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In The Cut review

Jane Campion making a thriller? The Kiwi helmer behind Portrait Of A Lady, a film so poised, so cold, it seems to have been shot through a sheet of ice? Next you'll be telling us McG's making a gentle love story set in Bengal.

But having Campion adapt Susanna Moore's novel In The Cut isn't that crazy. At its heart is a raw, slightly skewed love/lust affair and JC's status as an outsider, geographically and artistically, allows a rare freshness to slink in. This is a film that portrays New York as a mixture of dream and sleaze, beauty and sorrow, flowing languidly at its own pace, unafraid to breathe.

When Frannie Avery (Meg Ryan) is visited by James Malloy (Mark Ruffalo), a detective tracking a kill'n'chop nutjob, she doesn't know why the latest victim's head was found in her garden. She does know that she's seen Malloy before - he was receiving a blow job in the basement of a bar. Getting head, in fact, off the very woman who lost hers later that night.

From this attention-slapping start point, In The Cut unspools as a graceful, sinewy thriller in more ways than one, with Frannie and Malloy getting down to some spicy sex. And it's far from tame. Especially given Frannie gets off on Malloy's uncouthness: his sordid language, his disreputable sexual history, the possibility he's killing girls...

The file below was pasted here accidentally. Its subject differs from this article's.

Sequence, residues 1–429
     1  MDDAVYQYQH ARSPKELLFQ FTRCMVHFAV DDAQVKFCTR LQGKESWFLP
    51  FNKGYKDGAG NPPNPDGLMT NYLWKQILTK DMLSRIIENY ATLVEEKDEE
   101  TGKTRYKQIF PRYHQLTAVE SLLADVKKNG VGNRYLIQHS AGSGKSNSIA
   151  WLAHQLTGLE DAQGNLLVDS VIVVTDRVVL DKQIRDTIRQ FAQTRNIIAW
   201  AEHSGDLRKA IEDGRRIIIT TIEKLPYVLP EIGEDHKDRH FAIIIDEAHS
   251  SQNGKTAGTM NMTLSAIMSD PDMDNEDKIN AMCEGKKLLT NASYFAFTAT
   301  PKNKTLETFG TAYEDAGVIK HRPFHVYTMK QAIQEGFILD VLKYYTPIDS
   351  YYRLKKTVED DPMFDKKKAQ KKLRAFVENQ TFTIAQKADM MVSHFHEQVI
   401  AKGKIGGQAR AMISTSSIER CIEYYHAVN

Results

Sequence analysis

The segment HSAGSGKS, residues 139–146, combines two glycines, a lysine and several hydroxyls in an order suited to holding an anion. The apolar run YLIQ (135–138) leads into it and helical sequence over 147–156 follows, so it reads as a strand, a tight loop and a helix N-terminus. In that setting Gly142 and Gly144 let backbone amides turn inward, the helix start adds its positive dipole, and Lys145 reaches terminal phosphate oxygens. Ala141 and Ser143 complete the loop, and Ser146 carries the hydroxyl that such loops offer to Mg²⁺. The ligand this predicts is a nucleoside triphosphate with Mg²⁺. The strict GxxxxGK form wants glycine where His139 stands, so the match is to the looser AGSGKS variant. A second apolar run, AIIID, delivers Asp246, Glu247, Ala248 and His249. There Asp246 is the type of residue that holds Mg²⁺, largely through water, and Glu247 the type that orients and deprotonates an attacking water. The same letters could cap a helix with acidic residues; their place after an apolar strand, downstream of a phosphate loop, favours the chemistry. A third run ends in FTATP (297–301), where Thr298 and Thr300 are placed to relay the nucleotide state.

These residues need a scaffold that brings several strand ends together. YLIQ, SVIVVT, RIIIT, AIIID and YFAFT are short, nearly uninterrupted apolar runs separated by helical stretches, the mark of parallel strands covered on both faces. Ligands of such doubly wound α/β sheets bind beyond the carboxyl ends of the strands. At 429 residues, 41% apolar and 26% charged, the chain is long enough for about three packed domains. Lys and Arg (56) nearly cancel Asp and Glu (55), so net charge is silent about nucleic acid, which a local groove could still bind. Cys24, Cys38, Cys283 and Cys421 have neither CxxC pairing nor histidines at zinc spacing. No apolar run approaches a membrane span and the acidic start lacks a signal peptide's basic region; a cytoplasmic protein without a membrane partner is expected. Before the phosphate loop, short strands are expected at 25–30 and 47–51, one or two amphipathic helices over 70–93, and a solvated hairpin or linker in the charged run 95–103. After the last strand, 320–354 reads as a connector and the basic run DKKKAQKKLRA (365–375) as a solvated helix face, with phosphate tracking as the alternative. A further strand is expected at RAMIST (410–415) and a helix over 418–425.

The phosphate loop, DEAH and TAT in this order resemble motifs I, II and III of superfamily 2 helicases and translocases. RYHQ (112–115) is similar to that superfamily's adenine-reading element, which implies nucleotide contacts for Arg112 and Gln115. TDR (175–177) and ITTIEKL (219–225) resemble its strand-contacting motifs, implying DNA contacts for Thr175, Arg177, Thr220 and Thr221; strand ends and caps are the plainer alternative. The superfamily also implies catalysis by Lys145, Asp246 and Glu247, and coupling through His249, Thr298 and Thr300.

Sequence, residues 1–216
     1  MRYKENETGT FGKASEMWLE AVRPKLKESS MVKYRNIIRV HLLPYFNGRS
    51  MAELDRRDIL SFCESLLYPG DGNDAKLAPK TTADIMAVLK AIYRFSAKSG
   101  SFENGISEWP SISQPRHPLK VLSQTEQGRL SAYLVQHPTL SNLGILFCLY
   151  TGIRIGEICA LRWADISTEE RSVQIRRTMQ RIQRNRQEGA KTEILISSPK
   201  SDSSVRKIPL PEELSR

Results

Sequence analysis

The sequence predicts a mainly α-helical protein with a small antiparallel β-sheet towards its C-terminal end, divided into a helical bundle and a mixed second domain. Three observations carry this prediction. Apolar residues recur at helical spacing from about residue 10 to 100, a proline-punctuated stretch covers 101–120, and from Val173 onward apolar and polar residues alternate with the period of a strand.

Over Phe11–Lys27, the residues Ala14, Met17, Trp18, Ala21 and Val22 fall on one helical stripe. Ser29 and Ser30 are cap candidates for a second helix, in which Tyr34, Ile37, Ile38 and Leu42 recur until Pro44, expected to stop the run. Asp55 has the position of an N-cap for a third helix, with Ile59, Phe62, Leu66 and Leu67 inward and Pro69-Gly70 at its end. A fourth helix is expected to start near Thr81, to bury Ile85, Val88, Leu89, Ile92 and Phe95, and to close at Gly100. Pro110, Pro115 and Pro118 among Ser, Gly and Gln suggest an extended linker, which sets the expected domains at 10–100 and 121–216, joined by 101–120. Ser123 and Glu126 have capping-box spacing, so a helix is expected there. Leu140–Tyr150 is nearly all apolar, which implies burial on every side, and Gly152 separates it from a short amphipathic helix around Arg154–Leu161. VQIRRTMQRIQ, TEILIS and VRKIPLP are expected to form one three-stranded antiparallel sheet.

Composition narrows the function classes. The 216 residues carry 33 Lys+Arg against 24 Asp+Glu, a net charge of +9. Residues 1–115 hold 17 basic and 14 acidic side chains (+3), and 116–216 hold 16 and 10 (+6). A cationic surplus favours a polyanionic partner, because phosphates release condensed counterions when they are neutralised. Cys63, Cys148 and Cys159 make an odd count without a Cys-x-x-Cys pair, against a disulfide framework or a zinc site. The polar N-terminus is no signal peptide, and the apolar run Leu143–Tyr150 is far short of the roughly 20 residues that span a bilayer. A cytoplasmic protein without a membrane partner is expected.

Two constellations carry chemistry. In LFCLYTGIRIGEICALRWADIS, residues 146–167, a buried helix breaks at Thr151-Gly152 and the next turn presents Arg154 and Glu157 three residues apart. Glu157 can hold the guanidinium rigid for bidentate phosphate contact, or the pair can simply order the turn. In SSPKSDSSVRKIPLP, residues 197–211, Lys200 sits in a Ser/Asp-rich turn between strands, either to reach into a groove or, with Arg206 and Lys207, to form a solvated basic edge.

Fascinating stuff then, superbly played by Ryan and Ruffalo. Less successful is the over-crafted script, full of patterns and echoes, or the insistence on moulding every male support character into a Possible Psycho. We've guessed who the killer is by the third reel, so why not let it go? After all, there's so much more to enjoy...

A lovingly crafted thriller that's overflowing with red herrings and way too symmetrical. Hypnotic viewing from start to finish, though, with great central performances.

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